I'm trying to test wp_mail() in my local. When I var dump wp_mail,I get Boolean false.This is my code

    $to = "[email protected]";
    $subject = 'my subject';
    $message = 'I would like to work with you';
    $headers = '';

    $sent_message = wp_mail( $to, $subject, $message, $headers);
    var_dump($sent_message); // i get boolean false here.
    if ( $sent_message ) {
        echo 'The test message was sent. Check your email inbox.';
    } else {
        echo 'The message was not sent!'; //this gets printed in d end.

Any help would be appreciated.

3 Answers 3


wp_mail() falls back to php's mail() function which requires a configured MTA (Message Transfer Agent) on your host. So either you install and configure such a MTA. If you're running a Linux like OS, SSMTP is an easy solution on which you can use any mail-provider to send your system mails via SMTP. Another MTA would be Sendmail, a full featured, yet difficult to configure MTA.

Or you simply use a plugin like WP Mail SMTP which implements a direct SMTP connection in PHP and bypass the mail() usage.

  • If you just want to test mail functionality while developing you can use mailcatcher: mailcatcher.me Didn't test it on windows - but on Mac os it running. On other linux os it should work as well.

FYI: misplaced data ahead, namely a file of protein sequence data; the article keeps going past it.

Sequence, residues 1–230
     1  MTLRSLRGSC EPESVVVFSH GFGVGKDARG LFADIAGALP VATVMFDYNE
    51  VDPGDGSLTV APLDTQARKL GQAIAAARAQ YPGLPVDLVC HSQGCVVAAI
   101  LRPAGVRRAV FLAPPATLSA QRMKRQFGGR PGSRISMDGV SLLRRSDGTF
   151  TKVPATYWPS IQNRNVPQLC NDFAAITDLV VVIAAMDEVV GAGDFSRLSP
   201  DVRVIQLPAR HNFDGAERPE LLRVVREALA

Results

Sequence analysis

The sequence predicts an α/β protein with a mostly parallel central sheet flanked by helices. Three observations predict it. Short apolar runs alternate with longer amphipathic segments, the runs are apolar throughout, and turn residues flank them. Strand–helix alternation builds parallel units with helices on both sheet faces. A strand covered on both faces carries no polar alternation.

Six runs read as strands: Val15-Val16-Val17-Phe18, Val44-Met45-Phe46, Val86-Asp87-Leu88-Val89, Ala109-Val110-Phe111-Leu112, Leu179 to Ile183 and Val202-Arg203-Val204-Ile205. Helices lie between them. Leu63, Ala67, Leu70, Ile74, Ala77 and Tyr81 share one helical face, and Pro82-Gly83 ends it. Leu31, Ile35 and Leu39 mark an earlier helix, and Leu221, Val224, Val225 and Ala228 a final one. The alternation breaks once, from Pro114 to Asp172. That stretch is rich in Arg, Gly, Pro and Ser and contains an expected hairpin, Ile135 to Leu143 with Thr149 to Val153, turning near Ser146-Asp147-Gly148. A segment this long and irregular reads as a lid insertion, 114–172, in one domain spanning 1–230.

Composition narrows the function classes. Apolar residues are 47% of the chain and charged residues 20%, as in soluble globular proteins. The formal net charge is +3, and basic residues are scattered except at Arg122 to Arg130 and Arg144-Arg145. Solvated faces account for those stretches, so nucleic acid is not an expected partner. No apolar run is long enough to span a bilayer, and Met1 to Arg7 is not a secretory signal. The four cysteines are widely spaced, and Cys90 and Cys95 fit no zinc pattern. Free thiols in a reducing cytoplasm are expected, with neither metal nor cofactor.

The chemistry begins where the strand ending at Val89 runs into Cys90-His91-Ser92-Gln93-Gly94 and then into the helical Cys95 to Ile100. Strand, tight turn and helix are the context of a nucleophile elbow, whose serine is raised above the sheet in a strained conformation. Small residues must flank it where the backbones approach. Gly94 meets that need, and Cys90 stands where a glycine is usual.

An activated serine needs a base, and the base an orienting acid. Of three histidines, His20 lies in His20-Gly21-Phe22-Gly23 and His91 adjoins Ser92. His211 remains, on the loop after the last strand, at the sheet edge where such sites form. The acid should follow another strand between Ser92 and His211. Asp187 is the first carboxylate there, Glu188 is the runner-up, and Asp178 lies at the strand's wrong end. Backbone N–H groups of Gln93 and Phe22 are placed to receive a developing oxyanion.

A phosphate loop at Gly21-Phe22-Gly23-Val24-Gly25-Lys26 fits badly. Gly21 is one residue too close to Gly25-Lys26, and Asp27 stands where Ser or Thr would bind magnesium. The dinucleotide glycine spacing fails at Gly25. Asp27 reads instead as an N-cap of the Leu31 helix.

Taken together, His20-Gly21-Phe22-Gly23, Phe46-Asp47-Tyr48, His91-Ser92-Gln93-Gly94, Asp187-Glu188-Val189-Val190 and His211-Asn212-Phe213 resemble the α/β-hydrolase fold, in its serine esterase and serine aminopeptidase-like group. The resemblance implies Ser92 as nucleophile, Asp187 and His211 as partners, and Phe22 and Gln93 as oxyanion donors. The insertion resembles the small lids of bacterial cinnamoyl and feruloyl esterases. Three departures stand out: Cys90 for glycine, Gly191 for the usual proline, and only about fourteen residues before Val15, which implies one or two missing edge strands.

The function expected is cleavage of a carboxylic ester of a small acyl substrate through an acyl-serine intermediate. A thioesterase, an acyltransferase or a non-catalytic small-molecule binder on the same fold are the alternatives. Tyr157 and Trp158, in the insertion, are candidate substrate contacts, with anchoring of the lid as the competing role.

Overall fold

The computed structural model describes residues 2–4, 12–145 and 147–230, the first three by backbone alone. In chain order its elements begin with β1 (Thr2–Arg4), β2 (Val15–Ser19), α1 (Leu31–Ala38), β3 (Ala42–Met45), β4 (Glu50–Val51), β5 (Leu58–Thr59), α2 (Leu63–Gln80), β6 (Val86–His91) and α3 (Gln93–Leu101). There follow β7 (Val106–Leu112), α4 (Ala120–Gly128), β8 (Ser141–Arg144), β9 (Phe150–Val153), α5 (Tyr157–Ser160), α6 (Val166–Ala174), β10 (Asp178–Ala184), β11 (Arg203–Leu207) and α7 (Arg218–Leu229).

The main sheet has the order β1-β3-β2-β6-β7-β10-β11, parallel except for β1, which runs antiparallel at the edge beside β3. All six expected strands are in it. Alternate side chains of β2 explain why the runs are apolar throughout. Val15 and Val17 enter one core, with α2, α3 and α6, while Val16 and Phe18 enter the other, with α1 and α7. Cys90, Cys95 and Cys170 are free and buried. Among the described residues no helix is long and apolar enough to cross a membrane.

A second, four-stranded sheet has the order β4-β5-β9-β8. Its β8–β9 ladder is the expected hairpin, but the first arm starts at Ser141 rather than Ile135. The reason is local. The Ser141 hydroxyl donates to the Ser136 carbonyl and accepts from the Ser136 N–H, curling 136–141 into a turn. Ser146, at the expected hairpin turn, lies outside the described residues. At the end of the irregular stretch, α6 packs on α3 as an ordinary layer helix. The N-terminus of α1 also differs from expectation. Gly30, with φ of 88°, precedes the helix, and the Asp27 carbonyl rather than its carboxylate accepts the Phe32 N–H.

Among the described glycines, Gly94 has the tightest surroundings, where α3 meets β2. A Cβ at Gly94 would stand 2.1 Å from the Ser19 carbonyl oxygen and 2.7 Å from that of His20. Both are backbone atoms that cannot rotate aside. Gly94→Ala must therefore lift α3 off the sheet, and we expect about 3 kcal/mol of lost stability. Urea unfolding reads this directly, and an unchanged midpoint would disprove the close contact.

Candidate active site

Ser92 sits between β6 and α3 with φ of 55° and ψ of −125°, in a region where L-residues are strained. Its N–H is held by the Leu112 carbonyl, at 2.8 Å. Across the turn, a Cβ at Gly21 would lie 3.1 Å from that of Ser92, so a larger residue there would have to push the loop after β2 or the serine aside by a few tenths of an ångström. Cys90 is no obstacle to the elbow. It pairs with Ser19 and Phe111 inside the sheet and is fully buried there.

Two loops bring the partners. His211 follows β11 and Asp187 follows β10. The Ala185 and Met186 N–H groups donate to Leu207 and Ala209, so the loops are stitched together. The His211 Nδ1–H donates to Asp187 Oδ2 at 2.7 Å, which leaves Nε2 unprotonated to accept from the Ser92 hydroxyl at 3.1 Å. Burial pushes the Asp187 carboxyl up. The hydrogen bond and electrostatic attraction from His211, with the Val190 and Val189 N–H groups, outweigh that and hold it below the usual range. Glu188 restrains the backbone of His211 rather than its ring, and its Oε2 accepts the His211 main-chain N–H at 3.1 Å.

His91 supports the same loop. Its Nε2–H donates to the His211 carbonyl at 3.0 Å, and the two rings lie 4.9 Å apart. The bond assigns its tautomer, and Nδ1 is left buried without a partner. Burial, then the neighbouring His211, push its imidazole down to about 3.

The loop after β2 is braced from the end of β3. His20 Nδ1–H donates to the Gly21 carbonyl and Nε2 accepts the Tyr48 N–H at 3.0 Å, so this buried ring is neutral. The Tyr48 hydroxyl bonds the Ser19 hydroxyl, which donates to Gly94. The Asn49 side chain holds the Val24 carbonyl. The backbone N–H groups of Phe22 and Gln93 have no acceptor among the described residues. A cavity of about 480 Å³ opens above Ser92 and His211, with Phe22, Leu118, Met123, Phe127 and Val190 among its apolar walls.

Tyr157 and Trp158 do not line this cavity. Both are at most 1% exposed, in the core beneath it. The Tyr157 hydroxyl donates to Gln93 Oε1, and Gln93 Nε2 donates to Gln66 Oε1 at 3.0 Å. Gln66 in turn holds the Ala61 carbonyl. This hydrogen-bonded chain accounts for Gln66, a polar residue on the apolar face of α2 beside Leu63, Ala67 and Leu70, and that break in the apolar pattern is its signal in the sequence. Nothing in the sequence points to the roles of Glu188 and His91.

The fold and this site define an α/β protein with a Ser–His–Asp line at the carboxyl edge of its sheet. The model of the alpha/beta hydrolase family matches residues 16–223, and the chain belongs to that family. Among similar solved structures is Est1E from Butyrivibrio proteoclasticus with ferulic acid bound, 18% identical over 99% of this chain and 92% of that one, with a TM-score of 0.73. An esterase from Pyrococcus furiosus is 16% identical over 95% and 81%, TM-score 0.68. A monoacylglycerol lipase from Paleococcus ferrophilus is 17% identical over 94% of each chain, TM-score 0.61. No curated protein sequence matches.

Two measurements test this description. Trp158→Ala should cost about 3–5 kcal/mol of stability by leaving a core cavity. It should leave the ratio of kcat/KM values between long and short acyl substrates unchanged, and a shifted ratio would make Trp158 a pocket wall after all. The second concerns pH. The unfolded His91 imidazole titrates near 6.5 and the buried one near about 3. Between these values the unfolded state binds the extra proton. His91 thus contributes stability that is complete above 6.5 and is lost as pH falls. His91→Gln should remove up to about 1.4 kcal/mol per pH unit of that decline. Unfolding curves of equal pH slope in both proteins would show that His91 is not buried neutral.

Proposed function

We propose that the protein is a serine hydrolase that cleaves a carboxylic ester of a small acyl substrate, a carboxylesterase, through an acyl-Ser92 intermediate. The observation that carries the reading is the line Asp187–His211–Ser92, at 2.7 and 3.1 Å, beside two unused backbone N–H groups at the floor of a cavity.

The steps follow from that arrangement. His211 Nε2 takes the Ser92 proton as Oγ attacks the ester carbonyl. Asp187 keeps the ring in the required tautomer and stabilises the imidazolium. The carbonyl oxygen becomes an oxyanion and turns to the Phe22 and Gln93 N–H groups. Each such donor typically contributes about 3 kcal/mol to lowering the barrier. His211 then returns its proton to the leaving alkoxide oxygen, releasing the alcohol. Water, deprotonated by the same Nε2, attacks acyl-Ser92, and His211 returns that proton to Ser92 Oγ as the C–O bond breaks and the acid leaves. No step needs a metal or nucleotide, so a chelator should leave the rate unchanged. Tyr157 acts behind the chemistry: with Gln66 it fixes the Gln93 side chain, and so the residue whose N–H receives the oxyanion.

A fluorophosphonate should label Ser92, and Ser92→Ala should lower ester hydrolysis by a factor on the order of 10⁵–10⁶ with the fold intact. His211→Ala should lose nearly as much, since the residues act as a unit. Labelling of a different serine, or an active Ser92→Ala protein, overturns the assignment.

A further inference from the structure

– Luckyfella
    Aug 24, 2017 at 19:56

If anybody stumbles across this old question:

In my case, the reason was, I gave the site at localhost a name without a top-level domain. e.g. "mysite" (instead of "mysite.com"). So, WordPress assumed the "From" address to be "wordpress@mysite".

Phpmailer (which is called by wp_mail) then raised the error: "Invalid address: (From): wordpress@mysite"

Solution was to explicitly set the from address via the header:

    $headers[] = 'From: Wordpress<[email protected]>';
    $sent_message = wp_mail( $to, $subject, $message, $headers );

Then wp_mail worked.


Expanding on Ronni's helpful answer, here's how you can override the From: address for all outgoing mail:

if (defined('WP_CLI')) {
    WP_CLI::add_wp_hook('wp_mail_from', function () {
        return '[email protected]';
} else {
    add_filter('wp_mail_from', function () {
        return '[email protected]';

For my local development environment, I found it useful to place it in wp-config.php, at the very bottom, after require_once ABSPATH . 'wp-settings.php';.

Added a workaround for wp-cli, since it doesn't provide add_filter() like WP would normally do.

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